As the first quarter of 2017 ends, many CIOs and senior IT leaders are already shaking their heads, wondering how they’ll meet the demands of their customers, retain their staff, and maintain their edge. Although innovation, rapid development, and forward-thinking strategies are all critically important, the foundation of IT success is and always will be good governance. Your PMO, vendor relationships, and governance model are some of the most important vehicles providing the structure and processes to effectively navigate and manage the world in which we work.
Roadmap to better governance
For the average IT organization, one in six projects goes so badly it threatens to affect corporate stability. One of the primary reasons this is such a common occurrence is that companies don’t devote enough time and resources to ensuring their PMO and governance strategies are mature and effective.
Establish and mature the PMO - First and foremost, a well-functioning PMO supports a robust demand management process capable of assessing the demand, risk, and capacity of the proposed and ongoing efforts. Without a mature PMO making fact-based decisions, it becomes an art rather than a science. When a significant part of your company’s budget is on the line, this is simply unacceptable. By working to streamline processes and implementing more rigorous, fact-based decision-making strategies, companies can improve their project success rate, reduce costs, and foster innovation.
Implement project behavioral coaching - Project behavioral coaching helps companies improve their success rate by targeting the underlying foundation of a successful project: people. By coaching the humans behind the project to think more analytically and encourage behaviors that promote success, companies can reduce risk and improve outcomes.
Leverage project analytics - Decisions should be made objectively and supported by hard data whenever possible. A critical step in ensuring that the PMO is equipped with the tools it needs to lead projects effectively, the company needs to implement systems to capture and analyze data. This means employing new innovations like IoT and predictive analytics.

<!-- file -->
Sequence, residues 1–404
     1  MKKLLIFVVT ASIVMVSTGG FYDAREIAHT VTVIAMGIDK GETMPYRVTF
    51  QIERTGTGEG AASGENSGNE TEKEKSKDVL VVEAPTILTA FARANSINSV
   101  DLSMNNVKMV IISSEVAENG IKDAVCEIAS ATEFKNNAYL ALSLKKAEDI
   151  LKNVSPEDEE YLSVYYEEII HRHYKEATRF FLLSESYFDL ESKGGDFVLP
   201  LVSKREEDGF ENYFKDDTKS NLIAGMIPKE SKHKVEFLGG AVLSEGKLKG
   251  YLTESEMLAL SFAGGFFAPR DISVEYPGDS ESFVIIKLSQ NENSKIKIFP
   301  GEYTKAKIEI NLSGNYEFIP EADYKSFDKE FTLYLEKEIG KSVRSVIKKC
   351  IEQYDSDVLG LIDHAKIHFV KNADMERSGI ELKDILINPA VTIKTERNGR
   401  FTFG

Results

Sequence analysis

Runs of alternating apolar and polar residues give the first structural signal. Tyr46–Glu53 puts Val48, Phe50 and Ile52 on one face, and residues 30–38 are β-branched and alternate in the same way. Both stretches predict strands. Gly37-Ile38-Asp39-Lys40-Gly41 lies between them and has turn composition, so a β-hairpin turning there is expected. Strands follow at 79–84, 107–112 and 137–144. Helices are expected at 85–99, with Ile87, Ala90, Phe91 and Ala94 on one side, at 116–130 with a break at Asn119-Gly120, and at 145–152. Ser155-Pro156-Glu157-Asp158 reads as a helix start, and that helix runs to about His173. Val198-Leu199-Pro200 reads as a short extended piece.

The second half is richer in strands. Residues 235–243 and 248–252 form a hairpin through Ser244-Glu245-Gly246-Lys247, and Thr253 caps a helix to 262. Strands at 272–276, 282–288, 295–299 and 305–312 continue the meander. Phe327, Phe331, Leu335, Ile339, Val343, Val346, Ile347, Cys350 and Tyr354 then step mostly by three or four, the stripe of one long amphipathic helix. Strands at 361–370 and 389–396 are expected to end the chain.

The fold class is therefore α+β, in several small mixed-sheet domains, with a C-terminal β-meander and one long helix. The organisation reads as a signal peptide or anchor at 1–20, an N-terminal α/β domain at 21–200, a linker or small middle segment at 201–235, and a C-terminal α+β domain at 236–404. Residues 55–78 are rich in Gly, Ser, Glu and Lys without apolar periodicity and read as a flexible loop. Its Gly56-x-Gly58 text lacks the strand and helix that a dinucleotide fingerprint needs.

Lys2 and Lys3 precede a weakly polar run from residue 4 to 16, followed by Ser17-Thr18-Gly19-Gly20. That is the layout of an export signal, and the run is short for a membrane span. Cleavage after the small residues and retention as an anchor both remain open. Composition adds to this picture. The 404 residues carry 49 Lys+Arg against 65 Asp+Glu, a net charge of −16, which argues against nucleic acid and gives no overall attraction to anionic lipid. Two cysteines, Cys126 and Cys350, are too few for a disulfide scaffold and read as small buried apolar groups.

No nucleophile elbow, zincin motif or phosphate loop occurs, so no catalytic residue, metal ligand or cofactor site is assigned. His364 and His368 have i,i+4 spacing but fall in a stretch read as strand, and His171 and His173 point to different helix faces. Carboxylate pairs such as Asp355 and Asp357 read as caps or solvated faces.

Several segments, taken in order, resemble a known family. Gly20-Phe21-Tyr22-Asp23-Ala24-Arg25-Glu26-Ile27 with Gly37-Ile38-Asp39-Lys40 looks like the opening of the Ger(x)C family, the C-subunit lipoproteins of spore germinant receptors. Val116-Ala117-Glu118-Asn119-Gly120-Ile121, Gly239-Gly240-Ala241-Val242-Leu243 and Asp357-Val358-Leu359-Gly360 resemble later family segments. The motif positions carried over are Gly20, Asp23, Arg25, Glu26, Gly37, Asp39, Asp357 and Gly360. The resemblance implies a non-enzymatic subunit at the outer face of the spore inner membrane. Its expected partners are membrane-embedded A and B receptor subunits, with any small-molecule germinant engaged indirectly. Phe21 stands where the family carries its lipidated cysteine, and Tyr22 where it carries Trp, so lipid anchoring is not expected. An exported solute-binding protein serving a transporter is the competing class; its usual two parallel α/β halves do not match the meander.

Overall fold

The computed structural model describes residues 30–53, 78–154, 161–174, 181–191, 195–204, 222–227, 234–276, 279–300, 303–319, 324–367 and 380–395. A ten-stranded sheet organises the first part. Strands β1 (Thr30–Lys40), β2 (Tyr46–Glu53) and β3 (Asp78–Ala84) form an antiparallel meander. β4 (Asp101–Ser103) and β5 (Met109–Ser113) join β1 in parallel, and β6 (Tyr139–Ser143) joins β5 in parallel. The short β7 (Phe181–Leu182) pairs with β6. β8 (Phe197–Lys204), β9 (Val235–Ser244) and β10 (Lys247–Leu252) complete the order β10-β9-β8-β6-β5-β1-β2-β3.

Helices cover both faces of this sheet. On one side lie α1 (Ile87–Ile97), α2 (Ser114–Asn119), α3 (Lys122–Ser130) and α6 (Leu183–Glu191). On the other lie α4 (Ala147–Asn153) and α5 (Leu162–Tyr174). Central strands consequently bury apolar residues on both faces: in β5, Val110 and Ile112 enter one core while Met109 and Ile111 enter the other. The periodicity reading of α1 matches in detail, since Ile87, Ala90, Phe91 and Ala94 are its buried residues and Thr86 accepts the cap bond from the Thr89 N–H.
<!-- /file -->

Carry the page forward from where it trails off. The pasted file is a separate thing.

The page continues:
Formalize the governance process - IT leaders must identify all governance objectives, procedures, and challenges from the top down in order to ensure that the team is working cohesively. It is extremely important that business leaders understand and contribute to project planning and governance to make sure the project is aligned with business goals. By considering all key stakeholders and documenting clear governance processes, companies can better organize their operations and decision making.
Vendor management is critical - Governance can mean many things, but one of the most important components is good vendor and relationship management. In today’s highly decentralized IT world, effectively managing technology often means managing vendors. Harnessing the value and innovation of your delivery partners is a key win of a vendor management office. Understanding how to be a good service provider and integrator to your business partners provides the foundation for meeting expectations at a minimum and opening the door to exceed expectations.
The IT department’s role in the modern workplace is rapidly changing. Technical skills and infrastructure are not as important as they once were. Instead, IT leaders that want to be able to deliver the service their customers need and maintain their edge in the coming years need to develop stronger systems of project management, governance, and vendor management. By implementing strategies that allow them to make decisions more effectively, respond to challenges more rapidly, and develop better relationships with vendors, companies will stay competitive and be prepared for the future.
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Tony is a results-oriented IT executive with more than 25 years of experience across many IT disciplines and extensive business management, consulting and P&L experience. He stands out for his business acumen, vision, decisive leadership and an eye for detail to build stakeholder confidence and partnerships.